Act 1: Greetings From Freehold
Act 2: Bruce and Me
Act 3: Howling at the Moon
Now that I've written this homage to Bruce, and posted my masked and smiling face at the Monmouth County Historical Association, I'm going to take a moment, put aside the photos, and howl at the moon in a block of text few might ever read.
I want to consider this: is Springsteen a poet for the rich?
We've all grown up now, and it seems we can afford the starting price of $600 a ticket* for a few hours of entertainment.
Does that make it worth it? Does that make it right?
As homelessness continues to sprawl on the streets off Broadway, the harsher realities of our world become harder to ignore.
It's not how much people earn. Few people seem concerned with Bruce's wealth. Not in a world where Jeff Bezos earns more than $2 million every 15 minutes, every day. It's not just Bruce, after all. Many people will benefit from New York City's revival, in many ways.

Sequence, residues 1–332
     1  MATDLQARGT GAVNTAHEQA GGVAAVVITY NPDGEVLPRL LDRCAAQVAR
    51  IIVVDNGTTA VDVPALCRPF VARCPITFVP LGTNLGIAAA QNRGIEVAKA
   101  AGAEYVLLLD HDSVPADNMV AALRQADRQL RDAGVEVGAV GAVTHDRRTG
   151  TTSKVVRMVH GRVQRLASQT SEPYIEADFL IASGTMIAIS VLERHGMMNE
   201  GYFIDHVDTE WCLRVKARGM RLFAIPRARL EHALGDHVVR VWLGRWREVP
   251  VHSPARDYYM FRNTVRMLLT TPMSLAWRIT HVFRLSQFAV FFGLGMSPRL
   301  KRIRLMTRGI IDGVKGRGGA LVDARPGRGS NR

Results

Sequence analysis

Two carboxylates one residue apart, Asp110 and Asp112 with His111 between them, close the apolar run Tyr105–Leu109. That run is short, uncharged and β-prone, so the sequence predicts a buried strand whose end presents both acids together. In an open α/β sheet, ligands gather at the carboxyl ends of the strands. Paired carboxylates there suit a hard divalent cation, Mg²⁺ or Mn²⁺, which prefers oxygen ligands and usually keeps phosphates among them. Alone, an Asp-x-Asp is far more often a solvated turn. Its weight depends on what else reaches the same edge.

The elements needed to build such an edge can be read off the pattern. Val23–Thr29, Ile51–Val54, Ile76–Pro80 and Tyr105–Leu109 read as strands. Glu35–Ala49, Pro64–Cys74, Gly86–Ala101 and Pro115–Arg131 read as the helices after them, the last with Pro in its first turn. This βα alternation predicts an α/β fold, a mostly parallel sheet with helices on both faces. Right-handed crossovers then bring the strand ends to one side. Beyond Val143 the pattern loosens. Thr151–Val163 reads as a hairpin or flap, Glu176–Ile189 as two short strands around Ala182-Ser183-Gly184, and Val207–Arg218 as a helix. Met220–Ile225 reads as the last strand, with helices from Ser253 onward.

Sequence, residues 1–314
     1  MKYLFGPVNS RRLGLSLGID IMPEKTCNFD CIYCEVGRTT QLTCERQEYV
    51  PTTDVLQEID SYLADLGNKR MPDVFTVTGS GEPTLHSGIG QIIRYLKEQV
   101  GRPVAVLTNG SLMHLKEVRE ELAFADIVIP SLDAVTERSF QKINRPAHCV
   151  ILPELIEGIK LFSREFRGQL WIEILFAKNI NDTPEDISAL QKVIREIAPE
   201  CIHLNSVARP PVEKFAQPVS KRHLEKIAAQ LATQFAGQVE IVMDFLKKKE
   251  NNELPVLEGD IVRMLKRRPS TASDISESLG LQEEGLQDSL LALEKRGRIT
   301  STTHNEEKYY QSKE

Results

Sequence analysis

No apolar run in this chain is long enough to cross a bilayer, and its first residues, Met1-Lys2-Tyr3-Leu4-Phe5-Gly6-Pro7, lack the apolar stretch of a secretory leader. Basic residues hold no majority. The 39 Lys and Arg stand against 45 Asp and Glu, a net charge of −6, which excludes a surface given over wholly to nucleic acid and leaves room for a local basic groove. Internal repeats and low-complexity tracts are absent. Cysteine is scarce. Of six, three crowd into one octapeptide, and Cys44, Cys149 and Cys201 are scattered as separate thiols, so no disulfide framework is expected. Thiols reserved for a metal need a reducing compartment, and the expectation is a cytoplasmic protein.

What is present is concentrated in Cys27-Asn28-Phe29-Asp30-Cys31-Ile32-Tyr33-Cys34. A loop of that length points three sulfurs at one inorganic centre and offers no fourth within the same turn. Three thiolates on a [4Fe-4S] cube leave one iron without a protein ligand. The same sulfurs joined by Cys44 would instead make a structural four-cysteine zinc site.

What concerns me is, how much we will pay? And for what?
A song? A story? Free shipping?
We are desperate for something of value.
The more time passes, the more money I might pay to try to recapture the past.
Bruce, the poet of the rich, knows this about me.
What he may not know is that the better me, the me I'm still trying to become, walks the streets off Broadway with more desperation each day, longing for words of hope from the poet of the poor.
I believe there's something of more value to be found in a town full of losers when we're not inspired to pull out of there to win.